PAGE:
January is empty for reservoirs. They hold the void. There is no water, wake, or waves. Hardly anyone is there. You’d see them if they were; there’s nowhere to hide.
I tromped around wondering about the emptiness. Which reminded me of the importance of being empty.
My friend recommends going into a room empty. Especially when offering support. Hold the space, but don’t fill it.
Here in this expanse void of water, I fill up on empty. I also feel it. It’s sort of nice to jump into. It radiates something, even if it looks barren and not promising at first glance.
January is not the same as July. No fishing, paddling, skiing, or swimming is happening. It’s a forced stop of action, or yang. The reservoir is taking a break, restoring its yin. And by being here now, I follow. I move in step with January. This is what’s happening.
What is there to do? Visit it. See it in its current state. Without. This leads to about one thing- walking around and observing what is contained in the emptiness.
Things seen were old shoes, wood, grasses, rocks, tires, beer bottles, plastic bags. Mud.
What to do when something doesn’t float our boat? Out of water? It does not fill any expectations.
When the water is low, or mostly gone, we can see the bottom. It’s a good reference point. What I like about this connection is it feels closer to the Dao. The ancient advice went something like, “be low, like water. Be close to the lowest points.” Walking a more humble and quiet route was encouraged, nothing much about running up mountains, pumping your fists. Instead flow like water, adapt to whatever shape you encounter. Just my loose interpretation.
The bits of wood gathered around the edges are connected to the earth this time of year. They lie there exposed. They are not covered by the muffle of water. There is no light and liquid creating beautiful illusions to mesh with. Most will float up again in a few months and ride the water and watch the sky.
What I like about the seasons is it’s not about me. It’s about everything. The status and state of everything, of which I am just passing through. I can appreciate it or I can complain about it. It’s a choice.
I practiced 20 different introductions as I walked toward the Flower Garden of Mystery. This is a large plot of sunflowers and nasturtiums on the corner of Hilyard and E. 25th.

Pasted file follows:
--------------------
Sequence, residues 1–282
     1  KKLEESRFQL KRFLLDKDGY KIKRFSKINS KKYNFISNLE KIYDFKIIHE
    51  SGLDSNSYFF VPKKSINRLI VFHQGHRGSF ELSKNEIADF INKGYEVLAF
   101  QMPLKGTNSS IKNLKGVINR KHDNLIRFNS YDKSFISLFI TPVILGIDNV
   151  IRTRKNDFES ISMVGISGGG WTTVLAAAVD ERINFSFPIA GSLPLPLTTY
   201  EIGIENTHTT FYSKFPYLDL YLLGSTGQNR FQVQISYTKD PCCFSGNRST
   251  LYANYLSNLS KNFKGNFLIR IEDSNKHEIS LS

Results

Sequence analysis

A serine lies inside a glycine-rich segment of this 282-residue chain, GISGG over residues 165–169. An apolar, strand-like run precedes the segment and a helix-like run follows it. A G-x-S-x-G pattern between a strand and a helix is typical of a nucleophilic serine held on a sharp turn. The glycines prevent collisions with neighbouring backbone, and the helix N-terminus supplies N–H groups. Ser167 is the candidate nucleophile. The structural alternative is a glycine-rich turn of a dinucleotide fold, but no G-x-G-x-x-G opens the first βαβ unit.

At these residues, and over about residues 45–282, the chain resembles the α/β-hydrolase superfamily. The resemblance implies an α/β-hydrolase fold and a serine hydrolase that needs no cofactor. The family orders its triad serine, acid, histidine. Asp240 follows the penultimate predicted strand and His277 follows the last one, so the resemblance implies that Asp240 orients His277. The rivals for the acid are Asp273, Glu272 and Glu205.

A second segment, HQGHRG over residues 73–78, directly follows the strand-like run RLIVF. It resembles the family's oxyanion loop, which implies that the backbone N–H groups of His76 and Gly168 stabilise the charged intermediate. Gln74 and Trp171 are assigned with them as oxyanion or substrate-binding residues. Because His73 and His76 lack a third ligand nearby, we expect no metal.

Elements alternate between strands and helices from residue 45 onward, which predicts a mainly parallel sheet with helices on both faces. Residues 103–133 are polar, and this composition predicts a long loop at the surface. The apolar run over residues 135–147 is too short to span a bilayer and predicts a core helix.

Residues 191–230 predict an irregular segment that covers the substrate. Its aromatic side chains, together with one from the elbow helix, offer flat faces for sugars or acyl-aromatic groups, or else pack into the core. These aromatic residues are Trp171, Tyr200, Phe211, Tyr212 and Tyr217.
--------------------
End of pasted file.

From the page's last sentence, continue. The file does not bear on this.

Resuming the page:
“Hi, my name is Mary Ann and I love your garden and I wondered if I could interview you for my blog, which has very few readers….”
“Hi, I’m Mary Ann, your neighbor, and I write about stuff, and I like your stuff, wanna chat?”
I walked up to the door and knocked twice to no answer. I felt hopeful as I looked at gnomes, a small plastic draft horse, and other fun odds and ends in the flower bed off the porch. As I walked away on the sidewalk, a woman opened the door and called to me. She said she is often hesitant to answer her door, but she saw me and decided to open it. It wasn’t her garden. She said it was her landlady’s plot. “Bonnie just turned 80. She is sort of a legend around here, I think she’d love to talk to you.” I was directed to walk two houses over, to Bonnie’s house.
Turns out, this booming flower garden is entirely volunteer. Nothing was planted. By now, it blooms by habit. It’s 50 years old. “I love the feel of dirt and the fairly amazing concept that a little piece of nothing turns into something magnificent,” said Bonnie Brunken, the one behind the garden. She moved into the neighborhood in 1949. At that time, the land was swampy and cheap; flooding was a regular thing.
Zinnias are her favorite flower. Next, she likes nasturtiums and sunflowers because “they want to live!” My faves too.
Several years ago, I was inspired to have the audacity to plant a huge zinna patch by yet another 80+ year-old neighbor!
Bonnie said she learned to grow things through mentors. “I was mentored by Wilma Crowe, who is in her 90s now.” Wilma and her mother, Mrs. Zahn, taught her about “moon planting and all kinds of things.”
The big patch of flowers cycles like this: tons of mulched leaves from her Carolina Poplar trees are piled high on the bed in the winter. They are tilled into the soil in the spring. Next, she adds straw as the top layer. With some warmth and water, the soil pops to hundreds of flowers. After they are done, it all begins again.
What I like the most about the flower patch is its sole purpose is to be enjoyed. The flowers aren’t sold or eaten. They’re just there. The profit is in the eyes of those who notice.
Back to moon planting. Mrs. Zahn came by one day and checked in with Bonnie who had planted carrots about two weeks before. Mrs. Zahn gave her more carrot seeds and said, “plant these about 6″ out from yours, in the next row.” Bonnie said, sure, but why? “Because today is the right moon day to plant carrots.” In no time, the moon planted carrots grew stronger, faster, larger and didn’t have as much problems with bugs. Bonnie said, “I was a convert after that.”
Her mentors were organic farmers. She also read Silent Spring, by Rachel Carson in the early 1960s. Carson stands out as one who brought forth awareness about the harm caused by pesticides. She is credited with starting the environmental movement. At 56 and dying of breast cancer, she testified in front of the senate, “our heedless and destructive acts enter the vast cycles of the earth and in time return to bring hazard to ourselves.”
Upon this read, Bonnie said, “o.k, I’m not going to add to the problem.”
Besides seeing the results of moon planting, she saw a study done about 25 years ago by the University of Iowa. The final analysis ended up being about 500 pages with the conclusion: we understand a little bit about it; we don’t understand most of it; we just know that it works.
Sometime before this study, Pliny, the Elder, the first-century Roman naturalist stated that the moon “replenishes the earth when she approaches it, she fills all the bodies; while when she recedes, she empties them.”
Moon planting is also referred to as agricultural astrology as it relates to moon phases and astrological signs.
Bonnie has two great dogs: Dandelion, the Parson Russel terrier, and Sage, the very soft beagle. Before I left, she wanted to show me the third pet, who lives in the back yard.
Perched in a patch of dragon lilies, snap dragons, daises, and other grasses and flowers, was a huge metal dragon! Bonnie named it, “Joyful.”
For more about organic and biodynamic farming, check out my article featuring draft horses: